Provide them as is, and they become the most sought-after objects in the world. Install one in a village -- they're intentionally huge and heavily armoured, close to impossible to uproot once installed -- and the village will become a target for the more powerful to take over and steal the goods. Install one in a village and send people to defend the FLS as well and then you have to stay there for eternity because a time will quite likely never come when the village can defend itself. Install one for one year and then take it home again or remotely deactivate it, and what kind of response will that yield?
Is it an unfair head start for one city to have an FLS and not the other? Is it fair to sell goods from the FLS to get money? To stockpile? Is it fair to sell FLSes only to Less Developed Countries? Is it good to become dependent on something which will never go away until the human race itself ends entirely?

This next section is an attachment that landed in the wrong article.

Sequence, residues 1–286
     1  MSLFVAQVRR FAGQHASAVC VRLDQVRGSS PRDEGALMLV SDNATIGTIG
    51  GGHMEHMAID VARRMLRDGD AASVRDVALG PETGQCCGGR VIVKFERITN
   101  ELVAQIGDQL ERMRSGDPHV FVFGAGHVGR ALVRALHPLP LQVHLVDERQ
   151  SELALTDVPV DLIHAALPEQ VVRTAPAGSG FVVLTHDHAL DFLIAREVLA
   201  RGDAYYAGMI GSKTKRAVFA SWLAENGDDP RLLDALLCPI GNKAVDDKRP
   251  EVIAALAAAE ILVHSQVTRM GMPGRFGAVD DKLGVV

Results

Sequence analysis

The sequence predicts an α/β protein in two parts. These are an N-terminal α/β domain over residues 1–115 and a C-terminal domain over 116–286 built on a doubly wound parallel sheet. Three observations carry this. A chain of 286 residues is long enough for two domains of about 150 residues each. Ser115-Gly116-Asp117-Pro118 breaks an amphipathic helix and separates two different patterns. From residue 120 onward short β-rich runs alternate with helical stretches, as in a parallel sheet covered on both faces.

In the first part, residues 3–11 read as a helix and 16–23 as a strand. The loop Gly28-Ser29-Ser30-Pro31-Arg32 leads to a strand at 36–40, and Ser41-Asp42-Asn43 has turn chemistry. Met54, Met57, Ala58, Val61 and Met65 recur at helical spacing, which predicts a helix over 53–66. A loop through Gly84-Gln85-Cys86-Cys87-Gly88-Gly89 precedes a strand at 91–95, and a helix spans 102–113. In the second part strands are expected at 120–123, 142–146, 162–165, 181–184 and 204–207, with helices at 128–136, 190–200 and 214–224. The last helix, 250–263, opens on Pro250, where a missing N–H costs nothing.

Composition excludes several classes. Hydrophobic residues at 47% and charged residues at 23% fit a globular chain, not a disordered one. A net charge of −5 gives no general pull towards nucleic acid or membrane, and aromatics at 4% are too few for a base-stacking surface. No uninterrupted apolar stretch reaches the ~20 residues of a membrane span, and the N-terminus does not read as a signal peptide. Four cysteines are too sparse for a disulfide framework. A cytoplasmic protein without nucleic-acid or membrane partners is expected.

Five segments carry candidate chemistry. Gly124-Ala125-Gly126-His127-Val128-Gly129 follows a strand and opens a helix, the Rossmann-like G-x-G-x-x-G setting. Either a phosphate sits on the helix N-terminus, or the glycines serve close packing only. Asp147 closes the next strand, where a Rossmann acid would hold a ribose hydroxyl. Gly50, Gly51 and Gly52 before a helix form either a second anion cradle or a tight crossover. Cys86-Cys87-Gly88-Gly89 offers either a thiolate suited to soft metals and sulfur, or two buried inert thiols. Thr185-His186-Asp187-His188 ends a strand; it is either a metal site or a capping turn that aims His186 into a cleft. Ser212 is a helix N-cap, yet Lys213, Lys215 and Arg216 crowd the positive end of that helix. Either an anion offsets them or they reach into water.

What is the way forward? What is the philosophy, to balance the world out? To give everybody everything they need? To switch out the current crop of world problems and replace them with different problems.
Different problems. Here are your different problems:
It's ten years later and the process has been reverse-engineered by a military-industrial consortium. Oh, such wonderful pushbutton words. Their version of the machine has two patterns. One is an AK-47. The other is a bullet. Their machines need ore (or just plain rock) to process (there is no transmutation) and much more power. Their machines are not for sale, but a shipment of them gets stolen. They are shut down remotely, but almost as quickly after that someone has figured out how to hotwire them and they are up and running again. Guess where these metaweapons get sold to? Sell them for a billion dollars apiece. It's charity.
No, they can't manufacture plutonium: there is no transmutation. How about this: unlimited pure anything. Do not sell the means of manufacture, just The Product.